IMF's Gopinath says India's slowdown is a drag on global economy

The International Monetary Fund (IMF) on Monday announced a downward revision of India’s gross domestic product (GDP) growth for 2019 by a huge 1.2 percentage points to 4.8 per cent and blamed this economic slowdown for a “lion’s share” of its 0.1 percentage point reduction in global growth projections. 

At the same time, Gopinath said the Reserve Bank of India's policy rate cuts have stimulated growth which is expected to "feed into the system over the next 12 years."
In an interview with CNBC-TV18 at the World Economic Forum, in Davos, Gopinath also laid emphasis on the need for fiscal consolidation, policies for rural India in a bid to boost consumer spending, and also the China-US trade deal reaching its full potential.
One of the major factors behind the downward revision was the weakness in credit growth. Successive rate cuts by the RBI and some reductions in banks’ lending rates have failed to boost credit offtake.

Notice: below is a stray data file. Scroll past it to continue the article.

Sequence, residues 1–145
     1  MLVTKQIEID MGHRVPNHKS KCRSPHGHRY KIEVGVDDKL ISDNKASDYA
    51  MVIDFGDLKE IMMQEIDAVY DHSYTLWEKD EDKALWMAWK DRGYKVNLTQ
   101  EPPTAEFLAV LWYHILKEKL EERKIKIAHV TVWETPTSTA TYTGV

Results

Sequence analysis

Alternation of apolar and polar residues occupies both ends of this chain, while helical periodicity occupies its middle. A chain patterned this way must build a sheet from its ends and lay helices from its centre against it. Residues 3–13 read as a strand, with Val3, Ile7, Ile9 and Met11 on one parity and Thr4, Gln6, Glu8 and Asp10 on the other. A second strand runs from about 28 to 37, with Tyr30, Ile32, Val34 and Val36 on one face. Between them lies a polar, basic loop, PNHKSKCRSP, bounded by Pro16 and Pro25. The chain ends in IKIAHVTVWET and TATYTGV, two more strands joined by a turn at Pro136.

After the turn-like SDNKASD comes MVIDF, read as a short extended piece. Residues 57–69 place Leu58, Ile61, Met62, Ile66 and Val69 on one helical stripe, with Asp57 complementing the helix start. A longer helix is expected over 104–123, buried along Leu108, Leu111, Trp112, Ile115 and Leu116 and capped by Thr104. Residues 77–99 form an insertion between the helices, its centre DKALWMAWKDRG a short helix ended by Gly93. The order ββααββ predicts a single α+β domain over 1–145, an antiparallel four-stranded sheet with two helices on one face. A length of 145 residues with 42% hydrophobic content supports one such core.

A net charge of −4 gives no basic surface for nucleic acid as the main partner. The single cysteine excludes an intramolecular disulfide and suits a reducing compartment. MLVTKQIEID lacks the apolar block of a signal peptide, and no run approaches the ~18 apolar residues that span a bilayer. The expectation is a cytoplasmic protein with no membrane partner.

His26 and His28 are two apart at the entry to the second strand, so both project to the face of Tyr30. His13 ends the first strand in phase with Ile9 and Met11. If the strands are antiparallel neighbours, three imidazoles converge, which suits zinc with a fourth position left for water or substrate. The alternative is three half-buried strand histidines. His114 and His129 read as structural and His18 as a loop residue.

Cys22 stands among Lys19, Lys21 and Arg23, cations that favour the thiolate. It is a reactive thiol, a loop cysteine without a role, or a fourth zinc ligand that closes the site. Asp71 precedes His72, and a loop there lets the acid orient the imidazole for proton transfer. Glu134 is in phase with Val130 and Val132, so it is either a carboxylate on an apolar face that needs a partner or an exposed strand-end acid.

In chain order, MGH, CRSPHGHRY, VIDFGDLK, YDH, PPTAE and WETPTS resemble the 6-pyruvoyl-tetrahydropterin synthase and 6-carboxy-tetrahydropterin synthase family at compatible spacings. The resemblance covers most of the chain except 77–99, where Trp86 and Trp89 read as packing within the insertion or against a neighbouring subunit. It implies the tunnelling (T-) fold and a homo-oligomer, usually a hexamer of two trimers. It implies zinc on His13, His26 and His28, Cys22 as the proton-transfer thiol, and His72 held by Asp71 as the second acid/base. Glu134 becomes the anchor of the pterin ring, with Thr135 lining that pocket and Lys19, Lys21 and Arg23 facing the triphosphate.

Much will depend on how the government and the financial  institutions work together to resuscitate credit growth, while also making sure that there is not going to be another non-performing asset problem in the future.
IMF feels the slowdown could also be in some part due to weakness in rural income growth. However, recovery is expected by the first half of fiscal year 2020-2021 is when growth would start happening, going up to 5.8 per cent in the following fiscal. 
Indian economy has been in turmoil with the GDP rate in September quarter slowing to lowest in years. 
The IMF forecast also precedes India’s annual budget that is expected to announce some prescriptions to boost demand and spending. 
Any spending that does not help raise output and create wealth should be avoided and  the government should have a comprehensive policy that takes care of fiscal sustainability, according to Gopinath.